Although it was kept secret for many years (meaning the initial credit went to the US-built ENIAC), Colossus was thus the first electronic, digital, programmable computer. It wasn’t quite what we’d consider a computer today, however, as the user could only choose from a limited range of very similar programs — that is, the preset searching patterns created by arranging the plugs and switches.

The rest of the museum covered computing more generally, with much of it consisting simply of machines across the ages on display (some active and some not.) The most spectacular was a partially constructed rebuild of EDSAC, which arguably was the first machine we’d recognize as a modern computer. Not only could it be programmed to carry out any mathematical/logical procedure (limited only by its physical capacity), but programs could be stored on punch cards to reuse at a later date.

Credit: National Museum of Computing

Credit: National Museum of Computing

While there was too little explanation and context for my liking on the other displays, the collection of hardware is certainly comprehensive, running from analog computers and entire cases of slide rules through office mainframes and 1980s home computers right through to a small exhibition of Internet technology. It’s an effective approach as it almost guarantees that a visitor of any age will find something that sparks nostalgia.

I particularly enjoyed the sheer disparity of the final room which included children learning to code on a BBC Micro; a movie-style interactive tabletop touch-screen with multimedia content that was originally put on laserdisc in 1986 for the Domesday Project; a collection of later 80s/early 90s computer studies programs; a chatbot; and a demonstration of Oculus Rift.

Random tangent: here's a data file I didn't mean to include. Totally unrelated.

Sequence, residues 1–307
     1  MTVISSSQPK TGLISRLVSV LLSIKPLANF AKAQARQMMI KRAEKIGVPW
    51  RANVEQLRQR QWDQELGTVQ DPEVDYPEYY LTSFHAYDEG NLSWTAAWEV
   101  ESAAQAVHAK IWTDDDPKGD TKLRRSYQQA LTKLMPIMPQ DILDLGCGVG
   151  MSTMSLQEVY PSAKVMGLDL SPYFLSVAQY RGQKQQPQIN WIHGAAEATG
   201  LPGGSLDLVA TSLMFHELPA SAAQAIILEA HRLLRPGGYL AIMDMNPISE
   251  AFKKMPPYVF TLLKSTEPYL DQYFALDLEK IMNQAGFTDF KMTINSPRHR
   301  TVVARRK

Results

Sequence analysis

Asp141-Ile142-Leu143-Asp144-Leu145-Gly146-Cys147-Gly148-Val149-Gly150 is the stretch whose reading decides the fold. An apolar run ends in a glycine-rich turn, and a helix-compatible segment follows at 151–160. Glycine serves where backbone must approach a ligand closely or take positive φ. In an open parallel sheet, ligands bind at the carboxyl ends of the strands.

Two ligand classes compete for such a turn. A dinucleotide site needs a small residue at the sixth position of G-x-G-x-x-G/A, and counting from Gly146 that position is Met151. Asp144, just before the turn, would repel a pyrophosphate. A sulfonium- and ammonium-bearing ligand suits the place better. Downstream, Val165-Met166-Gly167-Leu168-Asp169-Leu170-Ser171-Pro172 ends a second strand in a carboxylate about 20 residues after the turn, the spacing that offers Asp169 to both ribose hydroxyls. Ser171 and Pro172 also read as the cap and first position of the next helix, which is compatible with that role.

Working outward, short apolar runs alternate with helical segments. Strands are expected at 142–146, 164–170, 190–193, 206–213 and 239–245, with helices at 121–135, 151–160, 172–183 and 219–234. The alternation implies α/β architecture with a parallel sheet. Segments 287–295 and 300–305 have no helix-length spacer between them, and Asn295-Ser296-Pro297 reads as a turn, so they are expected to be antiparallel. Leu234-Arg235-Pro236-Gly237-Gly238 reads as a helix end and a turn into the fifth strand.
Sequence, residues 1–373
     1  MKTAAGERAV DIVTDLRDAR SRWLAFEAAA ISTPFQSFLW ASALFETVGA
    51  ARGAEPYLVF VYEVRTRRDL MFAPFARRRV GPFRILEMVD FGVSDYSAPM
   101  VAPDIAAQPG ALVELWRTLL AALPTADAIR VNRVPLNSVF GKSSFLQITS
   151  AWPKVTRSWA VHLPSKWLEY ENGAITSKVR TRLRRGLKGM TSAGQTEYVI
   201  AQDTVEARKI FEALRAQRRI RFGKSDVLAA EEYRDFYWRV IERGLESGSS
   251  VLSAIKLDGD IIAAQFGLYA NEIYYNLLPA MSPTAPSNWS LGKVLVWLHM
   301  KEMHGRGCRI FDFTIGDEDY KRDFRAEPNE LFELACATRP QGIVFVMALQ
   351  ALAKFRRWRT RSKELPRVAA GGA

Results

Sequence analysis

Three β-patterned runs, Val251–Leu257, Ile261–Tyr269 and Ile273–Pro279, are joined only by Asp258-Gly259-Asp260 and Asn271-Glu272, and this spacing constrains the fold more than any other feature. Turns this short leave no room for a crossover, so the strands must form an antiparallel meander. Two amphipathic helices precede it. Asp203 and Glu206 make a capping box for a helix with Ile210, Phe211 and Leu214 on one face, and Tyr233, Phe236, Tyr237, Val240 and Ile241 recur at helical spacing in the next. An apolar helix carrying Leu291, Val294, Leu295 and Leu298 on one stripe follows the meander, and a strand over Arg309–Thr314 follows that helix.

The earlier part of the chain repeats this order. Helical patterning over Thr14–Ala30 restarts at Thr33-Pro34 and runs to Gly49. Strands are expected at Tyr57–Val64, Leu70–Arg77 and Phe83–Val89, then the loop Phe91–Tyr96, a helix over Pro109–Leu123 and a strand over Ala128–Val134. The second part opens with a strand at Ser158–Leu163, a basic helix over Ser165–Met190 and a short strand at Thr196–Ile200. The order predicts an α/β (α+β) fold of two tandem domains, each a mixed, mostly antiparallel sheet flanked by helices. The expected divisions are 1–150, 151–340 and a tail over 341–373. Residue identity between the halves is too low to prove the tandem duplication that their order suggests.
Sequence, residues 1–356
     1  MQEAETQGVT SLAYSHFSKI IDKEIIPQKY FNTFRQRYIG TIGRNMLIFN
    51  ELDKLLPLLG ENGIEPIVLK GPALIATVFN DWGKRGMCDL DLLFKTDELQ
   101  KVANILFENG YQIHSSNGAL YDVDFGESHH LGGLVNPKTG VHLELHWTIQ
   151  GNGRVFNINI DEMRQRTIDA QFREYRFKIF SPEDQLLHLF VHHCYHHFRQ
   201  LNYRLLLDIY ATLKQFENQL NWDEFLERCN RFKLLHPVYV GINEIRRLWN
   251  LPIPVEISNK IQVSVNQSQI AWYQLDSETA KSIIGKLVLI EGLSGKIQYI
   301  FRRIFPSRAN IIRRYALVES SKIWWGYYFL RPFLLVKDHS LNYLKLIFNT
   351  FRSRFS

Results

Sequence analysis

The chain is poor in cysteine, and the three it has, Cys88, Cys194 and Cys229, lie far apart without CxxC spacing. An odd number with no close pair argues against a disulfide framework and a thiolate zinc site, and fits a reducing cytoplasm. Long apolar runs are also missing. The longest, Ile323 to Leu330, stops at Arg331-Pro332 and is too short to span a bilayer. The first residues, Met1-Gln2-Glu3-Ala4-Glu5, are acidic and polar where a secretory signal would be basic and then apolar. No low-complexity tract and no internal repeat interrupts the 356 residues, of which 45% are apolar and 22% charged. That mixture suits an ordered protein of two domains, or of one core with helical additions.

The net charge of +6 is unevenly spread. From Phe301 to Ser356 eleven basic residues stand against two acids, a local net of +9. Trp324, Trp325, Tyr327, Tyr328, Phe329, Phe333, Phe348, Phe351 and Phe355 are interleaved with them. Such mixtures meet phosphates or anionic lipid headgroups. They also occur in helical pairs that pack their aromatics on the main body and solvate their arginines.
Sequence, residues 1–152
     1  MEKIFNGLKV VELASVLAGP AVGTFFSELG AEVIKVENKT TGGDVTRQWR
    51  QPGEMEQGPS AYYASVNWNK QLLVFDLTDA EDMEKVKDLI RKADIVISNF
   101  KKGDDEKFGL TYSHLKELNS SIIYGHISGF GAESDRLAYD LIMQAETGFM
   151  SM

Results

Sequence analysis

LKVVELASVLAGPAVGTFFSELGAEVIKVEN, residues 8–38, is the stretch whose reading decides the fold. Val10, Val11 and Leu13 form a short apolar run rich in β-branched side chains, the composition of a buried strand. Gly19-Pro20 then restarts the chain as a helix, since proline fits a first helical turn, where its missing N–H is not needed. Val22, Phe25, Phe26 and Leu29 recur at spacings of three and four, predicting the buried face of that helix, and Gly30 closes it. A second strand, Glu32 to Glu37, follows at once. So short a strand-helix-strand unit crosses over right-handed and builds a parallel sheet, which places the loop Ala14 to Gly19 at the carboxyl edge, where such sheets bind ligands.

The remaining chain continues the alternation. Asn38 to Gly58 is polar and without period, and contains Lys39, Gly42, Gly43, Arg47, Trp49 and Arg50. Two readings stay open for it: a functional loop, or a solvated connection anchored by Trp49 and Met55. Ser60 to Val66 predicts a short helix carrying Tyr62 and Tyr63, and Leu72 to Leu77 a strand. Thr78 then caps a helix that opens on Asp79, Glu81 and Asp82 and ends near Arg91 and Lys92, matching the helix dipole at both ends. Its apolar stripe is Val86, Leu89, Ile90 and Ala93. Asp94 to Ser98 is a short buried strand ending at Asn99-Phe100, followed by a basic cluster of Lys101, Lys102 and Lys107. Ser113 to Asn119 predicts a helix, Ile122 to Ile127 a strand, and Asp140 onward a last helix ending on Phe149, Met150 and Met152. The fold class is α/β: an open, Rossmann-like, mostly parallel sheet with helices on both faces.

While it often felt like a “throw everything at the wall” approach, I enjoyed the museum and would recommend taking longer than the two hours or so we had available to visit.

(Our visit to Bletchley Park itself will be covered in part two of this piece.)

Move Over Netflix; Amazon Prime Instant Video Now Allows Offline Viewing!


Amazon Prime members will now be able to download movies to watch offline through iOS and Android apps as part of their subscription. Previously the feature was only available on Amazon’s own Fire devices.

It’s an attractive weapon in the battles with other streaming video services, though does come with several strings. The feature appears to cover both full-fledged Amazon Prime members and the UK-based Amazon Prime Instant Video service (which offers the video streaming as a standalone monthly subscription without the other Prime benefits.)